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Shivnarine Chanderpaul

Turn again Tiger

With the same understated tenacity that characterises his playing career, Shivnarine Chanderpaul unobtrusively slid into his 100th Test match at Multan Cricket Stadium

Vaneisa Baksh

November 20, 2006

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Shivnarine Chanderpaul has always let his cricket do the talking © Getty Images
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With the same understated tenacity that characterises his playing career, Shivnarine Chanderpaul unobtrusively slid into his 100th Test match at Multan Cricket Stadium.

It could not have been otherwise. Never for him have spotlights been alluring. The impression is that he endures the public gaze as a necessary burden of the international cricketer.

Yet, though the abiding Chanderpaul image is shy, taciturn, purposeful and dogged, he carries enough elements of the performer to remain an engaging figure. His little eccentricities, like careful marking of the crease with a bail, and his crablike stance helped to create a public persona that was also defined by dramatic variations in his batting style, given his mood.

Just as fifty years before, another Guyanese, Rohan Kanhai, had been dubbed the "Tiger of Port Mourant," so Chanderpaul invoked the title of Tiger in tribute to the ferocity with which he was capable of attacking bowling. Not surprising considering that, a year ago, Chanderpaul said Kanhai had been his biggest influence. It was not his typical mode, but when he got on the offensive, his aggression contained a rush of power masked by his small frame.

It was that style of batting that had caught the eye of selectors and prompted his Test debut at his favourite ground, Bourda, in 1994, when he was just five months short of 20.

The West Indies beat England by an innings then, with Brian Lara scoring 167, Jimmy Adams 137, and Desmond Haynes opening with 63. Chanderpaul scored 62. Lara, who had made his debut four years before, remains with Chanderpaul as the longest serving members on the current team.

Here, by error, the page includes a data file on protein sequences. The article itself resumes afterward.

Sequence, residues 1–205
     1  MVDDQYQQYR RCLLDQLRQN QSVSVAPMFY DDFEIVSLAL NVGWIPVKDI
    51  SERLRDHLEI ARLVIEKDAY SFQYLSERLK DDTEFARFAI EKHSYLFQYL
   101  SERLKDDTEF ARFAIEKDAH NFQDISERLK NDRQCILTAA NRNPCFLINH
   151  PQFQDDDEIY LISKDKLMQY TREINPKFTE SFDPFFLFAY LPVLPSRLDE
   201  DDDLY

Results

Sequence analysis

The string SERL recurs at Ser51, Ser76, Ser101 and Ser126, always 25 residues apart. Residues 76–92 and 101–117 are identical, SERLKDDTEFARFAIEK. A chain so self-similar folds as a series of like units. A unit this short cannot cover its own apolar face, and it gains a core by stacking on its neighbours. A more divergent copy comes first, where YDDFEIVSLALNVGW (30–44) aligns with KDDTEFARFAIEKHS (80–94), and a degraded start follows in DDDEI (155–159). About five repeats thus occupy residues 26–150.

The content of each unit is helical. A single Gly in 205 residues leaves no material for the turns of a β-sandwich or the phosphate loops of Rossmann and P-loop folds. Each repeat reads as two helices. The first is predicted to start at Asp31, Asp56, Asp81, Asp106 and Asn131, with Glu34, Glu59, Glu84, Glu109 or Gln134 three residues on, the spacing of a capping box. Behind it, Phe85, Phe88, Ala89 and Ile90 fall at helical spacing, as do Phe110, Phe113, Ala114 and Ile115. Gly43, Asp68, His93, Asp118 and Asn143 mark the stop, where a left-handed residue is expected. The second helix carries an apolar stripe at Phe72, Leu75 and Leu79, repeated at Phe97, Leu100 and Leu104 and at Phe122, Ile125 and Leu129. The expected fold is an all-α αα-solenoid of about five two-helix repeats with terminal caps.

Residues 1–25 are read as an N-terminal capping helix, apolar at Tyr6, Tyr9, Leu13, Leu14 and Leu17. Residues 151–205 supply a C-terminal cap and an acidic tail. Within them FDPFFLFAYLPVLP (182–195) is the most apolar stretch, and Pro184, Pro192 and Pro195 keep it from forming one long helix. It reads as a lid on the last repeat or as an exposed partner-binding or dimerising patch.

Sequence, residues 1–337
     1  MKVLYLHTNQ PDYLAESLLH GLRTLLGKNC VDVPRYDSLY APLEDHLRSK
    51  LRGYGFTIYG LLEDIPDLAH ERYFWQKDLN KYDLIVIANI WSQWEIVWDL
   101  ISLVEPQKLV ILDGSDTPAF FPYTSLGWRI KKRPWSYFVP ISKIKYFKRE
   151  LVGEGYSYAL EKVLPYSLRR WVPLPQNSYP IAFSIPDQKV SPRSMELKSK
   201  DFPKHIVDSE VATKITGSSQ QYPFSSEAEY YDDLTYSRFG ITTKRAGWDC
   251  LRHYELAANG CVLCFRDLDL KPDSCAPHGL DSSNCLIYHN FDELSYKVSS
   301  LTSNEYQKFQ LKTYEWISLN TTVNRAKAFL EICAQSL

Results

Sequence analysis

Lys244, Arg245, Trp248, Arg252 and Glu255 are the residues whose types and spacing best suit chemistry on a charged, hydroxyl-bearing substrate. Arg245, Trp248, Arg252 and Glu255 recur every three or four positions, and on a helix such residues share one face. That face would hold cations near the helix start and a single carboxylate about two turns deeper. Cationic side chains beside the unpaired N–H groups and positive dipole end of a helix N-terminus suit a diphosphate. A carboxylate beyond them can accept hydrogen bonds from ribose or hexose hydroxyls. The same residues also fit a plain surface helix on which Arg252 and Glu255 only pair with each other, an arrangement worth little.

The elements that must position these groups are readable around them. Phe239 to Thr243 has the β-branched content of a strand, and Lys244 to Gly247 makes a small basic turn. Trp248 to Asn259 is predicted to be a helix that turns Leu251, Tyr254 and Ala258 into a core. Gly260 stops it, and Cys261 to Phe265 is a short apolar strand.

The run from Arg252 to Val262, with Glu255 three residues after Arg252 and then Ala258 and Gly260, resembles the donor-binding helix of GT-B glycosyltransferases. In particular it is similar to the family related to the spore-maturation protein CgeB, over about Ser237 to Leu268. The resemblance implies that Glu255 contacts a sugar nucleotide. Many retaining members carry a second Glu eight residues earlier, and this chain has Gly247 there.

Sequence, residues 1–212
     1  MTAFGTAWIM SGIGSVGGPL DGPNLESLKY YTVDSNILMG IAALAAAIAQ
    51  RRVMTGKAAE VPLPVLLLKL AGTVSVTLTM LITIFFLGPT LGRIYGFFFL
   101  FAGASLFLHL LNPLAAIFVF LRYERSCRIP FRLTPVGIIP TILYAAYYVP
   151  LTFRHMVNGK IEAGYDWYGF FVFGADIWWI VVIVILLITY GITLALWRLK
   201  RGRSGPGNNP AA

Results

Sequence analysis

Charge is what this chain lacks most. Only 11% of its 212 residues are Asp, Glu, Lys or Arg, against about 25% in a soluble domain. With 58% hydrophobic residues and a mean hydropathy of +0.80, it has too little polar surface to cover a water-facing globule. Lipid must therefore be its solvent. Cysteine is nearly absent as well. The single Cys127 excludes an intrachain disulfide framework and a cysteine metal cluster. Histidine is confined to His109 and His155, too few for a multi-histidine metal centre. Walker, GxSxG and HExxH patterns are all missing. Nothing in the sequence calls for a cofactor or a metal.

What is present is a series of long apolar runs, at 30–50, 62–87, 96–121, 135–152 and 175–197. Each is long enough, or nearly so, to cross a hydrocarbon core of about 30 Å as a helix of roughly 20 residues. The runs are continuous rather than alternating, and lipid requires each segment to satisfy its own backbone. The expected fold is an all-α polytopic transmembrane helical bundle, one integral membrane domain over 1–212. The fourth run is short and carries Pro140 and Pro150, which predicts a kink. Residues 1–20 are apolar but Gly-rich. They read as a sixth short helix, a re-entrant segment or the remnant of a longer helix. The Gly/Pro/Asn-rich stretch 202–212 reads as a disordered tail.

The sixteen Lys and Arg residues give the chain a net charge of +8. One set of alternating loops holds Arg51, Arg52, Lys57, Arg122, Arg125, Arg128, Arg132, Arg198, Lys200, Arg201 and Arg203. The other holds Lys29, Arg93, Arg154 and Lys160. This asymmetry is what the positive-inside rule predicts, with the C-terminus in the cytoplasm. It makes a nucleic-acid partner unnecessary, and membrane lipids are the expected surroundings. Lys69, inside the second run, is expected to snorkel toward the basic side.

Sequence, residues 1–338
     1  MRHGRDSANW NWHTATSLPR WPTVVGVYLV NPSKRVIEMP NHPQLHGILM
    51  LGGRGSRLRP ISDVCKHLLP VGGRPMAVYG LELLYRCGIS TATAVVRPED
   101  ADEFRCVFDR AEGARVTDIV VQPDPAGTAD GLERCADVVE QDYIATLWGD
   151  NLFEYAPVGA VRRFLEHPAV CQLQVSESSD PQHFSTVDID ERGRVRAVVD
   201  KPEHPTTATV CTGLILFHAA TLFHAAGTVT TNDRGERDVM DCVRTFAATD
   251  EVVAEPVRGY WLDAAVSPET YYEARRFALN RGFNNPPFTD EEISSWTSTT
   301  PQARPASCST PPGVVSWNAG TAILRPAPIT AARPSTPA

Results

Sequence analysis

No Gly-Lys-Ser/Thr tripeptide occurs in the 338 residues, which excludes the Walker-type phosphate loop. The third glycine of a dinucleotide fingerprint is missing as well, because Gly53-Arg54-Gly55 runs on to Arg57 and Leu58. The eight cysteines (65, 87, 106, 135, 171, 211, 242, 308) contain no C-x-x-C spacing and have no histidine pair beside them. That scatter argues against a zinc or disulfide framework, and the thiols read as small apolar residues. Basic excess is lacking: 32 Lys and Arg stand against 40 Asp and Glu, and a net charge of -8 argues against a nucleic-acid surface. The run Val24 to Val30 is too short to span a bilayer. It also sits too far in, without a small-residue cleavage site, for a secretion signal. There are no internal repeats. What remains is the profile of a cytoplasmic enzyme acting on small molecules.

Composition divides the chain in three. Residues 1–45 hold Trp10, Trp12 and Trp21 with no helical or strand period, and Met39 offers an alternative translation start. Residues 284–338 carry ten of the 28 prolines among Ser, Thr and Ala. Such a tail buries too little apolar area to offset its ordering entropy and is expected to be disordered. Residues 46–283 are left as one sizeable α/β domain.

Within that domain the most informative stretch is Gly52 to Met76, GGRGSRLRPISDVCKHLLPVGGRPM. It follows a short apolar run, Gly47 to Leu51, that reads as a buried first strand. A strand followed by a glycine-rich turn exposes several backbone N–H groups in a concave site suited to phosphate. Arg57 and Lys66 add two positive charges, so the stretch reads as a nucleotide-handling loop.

The two have shared many great moments, although Lara has almost always overshadowed his friend. It was Chanderpaul who partnered Lara for most of the duration of his record-breaking 375. Hardly a month after his Test debut, Chanderpaul scored 75 not out, matching Lara at times to the point that in one period, while Lara scored 31 with four fours, Chanderpaul had scored 28 with five.

For a time, it seemed the fame had swept him off his moorings. There were stories of an eventful nightlife, once leading to a shooting at the seawall in Georgetown

But in a team that would soon begin to skitter down he had to adjust his style, and eventually he became known as the anchor of the team, the solid man, the Larry Gomes of his era.

Why the role fell to him, when it might easily have fallen on another's shoulders, might be related to his naturally stoic outlook. West Indian batting style has been described as flashy, entertaining and spectacular, demanding attention. It is not the kind of characterisation one would ascribe to Chanderpaul, and given the surfeit of prospects for that showy position, plus some insecurity about his place on the side, he might have opted to switch modes.

He'd followed his debut with a fifty at the Queen's Park Oval, but even so he was in and out of the team for tours of India and New Zealand, and dropped for the 1995 visit by Australia. But he was the spot of excitement during the tour of Australia at the end of 1996. With the team performing badly, Chanderpaul put down a brilliant 71 off 68 balls, with 10 fours, before an equally brilliant Shane Warne ball spun from way outside the off-stump to hit the middle and off stumps.